PRESS: The Village Voice's Richard Goldstein reviews the WOR-FM Anniversary Party Concert
Village Voice: June 22, 1967
“And WOR...a crucial liason between the New York underground and a hip suburban audience...”
Goldstein talks about the groups that appeared, including The Doors, the Blues Project & Jeremy Steig and the Satyrs as well as making other interesting observations on happenings in rock and the status of radio playing Janis Ian's "Society's Child".
PRESS: WOR-FM's Murray the K to leave station
Village Voice: July 27, 1967
“...Murray cites frequent hassles over controversial material, and management counters with charges of erratic behavior.”
Goldstein announces that Murray the K will leave WOR-FM in early August. When Kaufman left WOR-FM, it seemed devastating. I kept wanting to believe that the station wasn't going to change, but when Jim O'Brien was hired to replace Murray and it was obvious from day one that this was a return to top-40 style radio, I was extremely disappointed and couldn't listen to the show. I wouldn't turn on the radio until Rosko's shift, but he'd be gone in two more months as well.
PRESS: WOR-FM Trade Description
Broadcasting: July 31, 1967
A description from Broadcasting Magazine of WOR-FM, but the format would soon change substantially. As per the post above, Murray the K had already announced he would be leaving the station and his show generated most of the advertising revenue.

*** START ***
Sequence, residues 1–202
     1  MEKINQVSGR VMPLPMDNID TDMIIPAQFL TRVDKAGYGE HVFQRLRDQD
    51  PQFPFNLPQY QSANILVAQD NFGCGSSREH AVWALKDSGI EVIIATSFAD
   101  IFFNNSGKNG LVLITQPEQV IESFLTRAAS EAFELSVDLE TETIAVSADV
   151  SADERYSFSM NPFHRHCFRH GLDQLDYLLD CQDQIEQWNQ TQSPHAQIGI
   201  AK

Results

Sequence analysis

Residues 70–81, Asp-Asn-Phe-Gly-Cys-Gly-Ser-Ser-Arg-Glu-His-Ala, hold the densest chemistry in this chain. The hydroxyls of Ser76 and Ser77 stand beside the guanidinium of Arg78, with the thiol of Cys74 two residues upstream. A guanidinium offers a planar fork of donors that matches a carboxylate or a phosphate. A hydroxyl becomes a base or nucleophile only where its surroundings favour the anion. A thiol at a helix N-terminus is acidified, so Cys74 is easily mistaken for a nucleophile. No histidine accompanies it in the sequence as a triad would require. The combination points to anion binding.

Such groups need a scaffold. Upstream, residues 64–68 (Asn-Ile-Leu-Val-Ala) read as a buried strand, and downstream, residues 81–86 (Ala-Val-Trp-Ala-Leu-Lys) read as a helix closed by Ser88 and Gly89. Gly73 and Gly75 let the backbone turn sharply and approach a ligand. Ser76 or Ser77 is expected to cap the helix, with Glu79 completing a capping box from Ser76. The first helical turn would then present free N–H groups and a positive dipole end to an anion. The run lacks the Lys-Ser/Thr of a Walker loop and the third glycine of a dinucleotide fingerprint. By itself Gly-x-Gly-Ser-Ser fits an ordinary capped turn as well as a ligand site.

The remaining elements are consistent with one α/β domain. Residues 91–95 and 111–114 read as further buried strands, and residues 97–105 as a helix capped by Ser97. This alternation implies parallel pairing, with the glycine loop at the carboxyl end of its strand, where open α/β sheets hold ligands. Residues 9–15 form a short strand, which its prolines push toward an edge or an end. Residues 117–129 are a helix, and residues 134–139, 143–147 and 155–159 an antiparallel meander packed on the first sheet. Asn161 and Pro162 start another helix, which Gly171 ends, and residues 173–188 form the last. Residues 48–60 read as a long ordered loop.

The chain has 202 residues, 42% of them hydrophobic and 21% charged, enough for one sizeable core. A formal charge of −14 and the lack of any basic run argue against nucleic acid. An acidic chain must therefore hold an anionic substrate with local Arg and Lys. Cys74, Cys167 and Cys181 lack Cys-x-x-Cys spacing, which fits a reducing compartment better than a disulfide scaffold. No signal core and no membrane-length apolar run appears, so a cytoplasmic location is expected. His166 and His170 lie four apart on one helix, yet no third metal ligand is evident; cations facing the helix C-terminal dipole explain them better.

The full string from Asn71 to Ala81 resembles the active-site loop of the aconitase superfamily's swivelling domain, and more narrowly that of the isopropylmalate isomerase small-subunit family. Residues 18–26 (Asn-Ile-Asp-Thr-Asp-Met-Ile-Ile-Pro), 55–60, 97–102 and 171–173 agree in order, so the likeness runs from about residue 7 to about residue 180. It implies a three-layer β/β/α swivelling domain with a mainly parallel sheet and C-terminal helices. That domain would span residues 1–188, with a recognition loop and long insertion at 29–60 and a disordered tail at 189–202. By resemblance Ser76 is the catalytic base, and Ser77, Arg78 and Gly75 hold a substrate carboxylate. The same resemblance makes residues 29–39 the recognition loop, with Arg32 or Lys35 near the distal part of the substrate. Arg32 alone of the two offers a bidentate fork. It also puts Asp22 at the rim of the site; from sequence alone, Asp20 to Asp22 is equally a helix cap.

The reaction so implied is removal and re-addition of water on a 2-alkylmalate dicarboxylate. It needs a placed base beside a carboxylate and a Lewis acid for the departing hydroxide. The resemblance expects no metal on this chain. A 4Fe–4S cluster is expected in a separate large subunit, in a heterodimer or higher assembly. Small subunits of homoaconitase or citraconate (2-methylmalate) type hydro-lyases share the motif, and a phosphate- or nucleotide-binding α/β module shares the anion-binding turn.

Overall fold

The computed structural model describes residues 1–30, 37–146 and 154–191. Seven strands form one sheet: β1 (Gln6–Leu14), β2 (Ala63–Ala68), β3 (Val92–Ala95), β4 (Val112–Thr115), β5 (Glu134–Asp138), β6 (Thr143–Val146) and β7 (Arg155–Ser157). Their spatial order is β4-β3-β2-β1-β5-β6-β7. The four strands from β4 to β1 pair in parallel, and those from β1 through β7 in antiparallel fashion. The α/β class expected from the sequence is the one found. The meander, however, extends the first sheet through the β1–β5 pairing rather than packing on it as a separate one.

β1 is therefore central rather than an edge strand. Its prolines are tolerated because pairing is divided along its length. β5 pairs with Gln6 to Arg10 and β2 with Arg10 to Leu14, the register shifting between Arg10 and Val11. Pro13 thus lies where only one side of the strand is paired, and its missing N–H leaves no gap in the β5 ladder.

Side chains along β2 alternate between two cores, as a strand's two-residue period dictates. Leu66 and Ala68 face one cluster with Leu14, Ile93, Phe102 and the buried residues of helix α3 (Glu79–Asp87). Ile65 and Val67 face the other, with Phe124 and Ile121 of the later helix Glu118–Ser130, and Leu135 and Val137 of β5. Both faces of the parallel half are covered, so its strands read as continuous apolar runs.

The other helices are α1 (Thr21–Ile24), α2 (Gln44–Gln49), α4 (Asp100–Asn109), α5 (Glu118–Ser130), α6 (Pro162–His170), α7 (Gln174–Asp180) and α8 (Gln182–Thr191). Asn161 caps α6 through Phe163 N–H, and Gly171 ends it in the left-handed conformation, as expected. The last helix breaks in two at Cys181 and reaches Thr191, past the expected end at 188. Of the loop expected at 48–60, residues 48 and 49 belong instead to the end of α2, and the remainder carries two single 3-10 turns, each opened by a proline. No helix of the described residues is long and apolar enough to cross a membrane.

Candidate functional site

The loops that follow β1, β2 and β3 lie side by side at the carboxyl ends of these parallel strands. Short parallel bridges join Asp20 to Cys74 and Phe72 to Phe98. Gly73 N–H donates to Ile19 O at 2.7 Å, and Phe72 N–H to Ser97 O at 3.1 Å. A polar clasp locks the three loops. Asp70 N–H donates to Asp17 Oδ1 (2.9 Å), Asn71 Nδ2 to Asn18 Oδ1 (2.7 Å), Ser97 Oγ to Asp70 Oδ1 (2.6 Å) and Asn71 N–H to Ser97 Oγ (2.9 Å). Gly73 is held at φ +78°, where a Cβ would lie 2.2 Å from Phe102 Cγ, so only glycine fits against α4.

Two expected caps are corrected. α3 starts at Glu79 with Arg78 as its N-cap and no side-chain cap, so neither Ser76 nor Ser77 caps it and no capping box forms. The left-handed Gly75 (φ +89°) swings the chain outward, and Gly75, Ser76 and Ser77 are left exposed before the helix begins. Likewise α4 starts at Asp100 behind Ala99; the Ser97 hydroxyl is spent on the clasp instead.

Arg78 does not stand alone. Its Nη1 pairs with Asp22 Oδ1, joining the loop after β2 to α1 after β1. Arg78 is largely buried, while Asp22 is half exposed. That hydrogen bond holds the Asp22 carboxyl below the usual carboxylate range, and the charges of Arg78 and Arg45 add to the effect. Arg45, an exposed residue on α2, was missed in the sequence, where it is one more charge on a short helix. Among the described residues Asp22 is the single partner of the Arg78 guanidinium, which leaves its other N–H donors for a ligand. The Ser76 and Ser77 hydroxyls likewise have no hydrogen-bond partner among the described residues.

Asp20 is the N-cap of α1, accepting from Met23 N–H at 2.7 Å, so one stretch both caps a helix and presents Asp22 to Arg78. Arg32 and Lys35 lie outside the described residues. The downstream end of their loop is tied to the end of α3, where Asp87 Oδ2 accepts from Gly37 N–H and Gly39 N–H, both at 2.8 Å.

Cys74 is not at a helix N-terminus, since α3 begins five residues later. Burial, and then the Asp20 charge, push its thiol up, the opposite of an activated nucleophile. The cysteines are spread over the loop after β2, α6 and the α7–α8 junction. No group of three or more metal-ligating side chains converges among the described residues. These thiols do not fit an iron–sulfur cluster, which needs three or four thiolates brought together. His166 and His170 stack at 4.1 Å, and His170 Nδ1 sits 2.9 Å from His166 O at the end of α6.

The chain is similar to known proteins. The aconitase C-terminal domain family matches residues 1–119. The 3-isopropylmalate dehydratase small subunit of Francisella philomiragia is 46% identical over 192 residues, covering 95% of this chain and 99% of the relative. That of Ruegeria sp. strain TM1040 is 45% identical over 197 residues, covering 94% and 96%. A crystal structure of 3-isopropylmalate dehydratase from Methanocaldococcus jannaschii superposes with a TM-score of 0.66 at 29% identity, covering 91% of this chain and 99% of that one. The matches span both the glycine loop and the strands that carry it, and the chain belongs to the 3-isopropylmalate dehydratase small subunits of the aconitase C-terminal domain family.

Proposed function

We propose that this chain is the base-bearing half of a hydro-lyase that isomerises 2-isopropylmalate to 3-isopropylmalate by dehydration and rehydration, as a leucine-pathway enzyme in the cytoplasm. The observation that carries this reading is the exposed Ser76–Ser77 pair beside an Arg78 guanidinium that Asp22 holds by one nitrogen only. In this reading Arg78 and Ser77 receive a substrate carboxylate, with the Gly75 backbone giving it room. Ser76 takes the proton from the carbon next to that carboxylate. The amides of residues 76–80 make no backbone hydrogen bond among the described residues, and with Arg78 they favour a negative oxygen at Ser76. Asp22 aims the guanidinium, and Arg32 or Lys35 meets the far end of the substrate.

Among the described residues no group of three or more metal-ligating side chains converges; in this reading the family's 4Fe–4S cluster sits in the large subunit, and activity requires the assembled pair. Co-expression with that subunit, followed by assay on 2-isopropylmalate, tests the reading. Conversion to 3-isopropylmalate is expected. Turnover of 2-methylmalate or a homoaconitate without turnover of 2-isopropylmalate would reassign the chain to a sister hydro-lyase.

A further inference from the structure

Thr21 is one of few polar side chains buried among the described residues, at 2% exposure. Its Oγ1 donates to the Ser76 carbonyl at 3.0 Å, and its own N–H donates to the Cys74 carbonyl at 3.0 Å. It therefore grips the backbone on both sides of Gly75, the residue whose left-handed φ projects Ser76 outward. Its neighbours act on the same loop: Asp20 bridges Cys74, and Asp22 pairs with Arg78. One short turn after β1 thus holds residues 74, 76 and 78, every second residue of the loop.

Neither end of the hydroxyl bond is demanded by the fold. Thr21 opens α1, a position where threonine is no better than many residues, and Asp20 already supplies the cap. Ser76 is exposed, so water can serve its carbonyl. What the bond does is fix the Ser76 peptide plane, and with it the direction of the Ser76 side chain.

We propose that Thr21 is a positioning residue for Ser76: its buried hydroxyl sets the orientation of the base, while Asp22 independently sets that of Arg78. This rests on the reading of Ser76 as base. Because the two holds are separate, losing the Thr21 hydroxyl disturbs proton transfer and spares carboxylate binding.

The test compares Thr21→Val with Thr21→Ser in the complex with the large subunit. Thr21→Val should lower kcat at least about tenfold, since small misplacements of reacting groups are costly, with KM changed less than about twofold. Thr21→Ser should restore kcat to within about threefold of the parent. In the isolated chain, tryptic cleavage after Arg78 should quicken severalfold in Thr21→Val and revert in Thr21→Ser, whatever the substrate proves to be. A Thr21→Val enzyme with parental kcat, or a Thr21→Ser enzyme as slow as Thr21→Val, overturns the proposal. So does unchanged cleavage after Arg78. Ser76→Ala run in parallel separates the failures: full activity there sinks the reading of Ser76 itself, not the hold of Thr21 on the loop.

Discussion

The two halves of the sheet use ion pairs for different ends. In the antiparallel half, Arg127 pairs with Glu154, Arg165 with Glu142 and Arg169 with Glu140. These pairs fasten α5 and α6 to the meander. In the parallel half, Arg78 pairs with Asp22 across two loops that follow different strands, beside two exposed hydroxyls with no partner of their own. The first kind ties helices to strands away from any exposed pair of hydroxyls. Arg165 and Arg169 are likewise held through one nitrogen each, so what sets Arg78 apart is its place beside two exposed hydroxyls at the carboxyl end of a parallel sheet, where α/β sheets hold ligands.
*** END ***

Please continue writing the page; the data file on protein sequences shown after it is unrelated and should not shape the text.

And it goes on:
AD: WOR-FM Ratings
FM Guide: circa Fall, 1967
An ad claiming that free-form WOR-FM was the number one FM station in the United States. The ad also quotes an article from the Saturday Evening Post.
The quote from the Post was quite effective as it equated listening to rock music on FM with listening to classical music. Up until that time and in spite of the fact that groups like the Beatles were getting increasingly sophisticated, not too many people would have considered listening to rock radio an intellectual activity. In spite of the fact that even top-40 WABC had an audience across the demographic spectrum, rock radio was largely considered the province of 14-year-old girls.
AIRCHECK: Rosko Resigns from WOR-FM
Monday, October 2, 1967
“I cannot go along with the new policy here.”
The dream of any DJ is to resign on the air and on October 2, 1967, a few days less than one year from the day he started, Rosko (Bill Mercer) resigned on the air at WOR-FM. He cited interference from the Bill Drake consultants as the reason for his resignation.
In retrospect, it seems pretty obvious that Rosko would have soon been gone even if he didn't resign. Drake had a very particular sound in mind for his DJs and he probably wouldn't have wanted Rosko even if he were willing to work the format.
PRESS: “WOR-FM & the Future” by Richard Robinson
Village Voice: October 5, 1967
“...New York's only quality pop outlet is changing for the worse.”
Today, when a radio station changes format (not that anyone cares all that much), there are websites such as Allan Sniffen's site to ruminate about the reasons, politics, personalities, rumors, etc. That (obviously) wasn't true in 1967. So when Bill Drake was given responsiblity for the programming at WOR-FM, it was not clear to most people what impact that would have on the programming.
In 1967, the Village Voice was not the free rag with ads for escorts that it is today. It had been co-founded by Norman Mailer and while it certainly promoted left-wing politics and ideals, it was a highly respected publication. When Richard Goldstein published this column in the October 5th issue, it was a confirmation of the worst fears of fans of the station.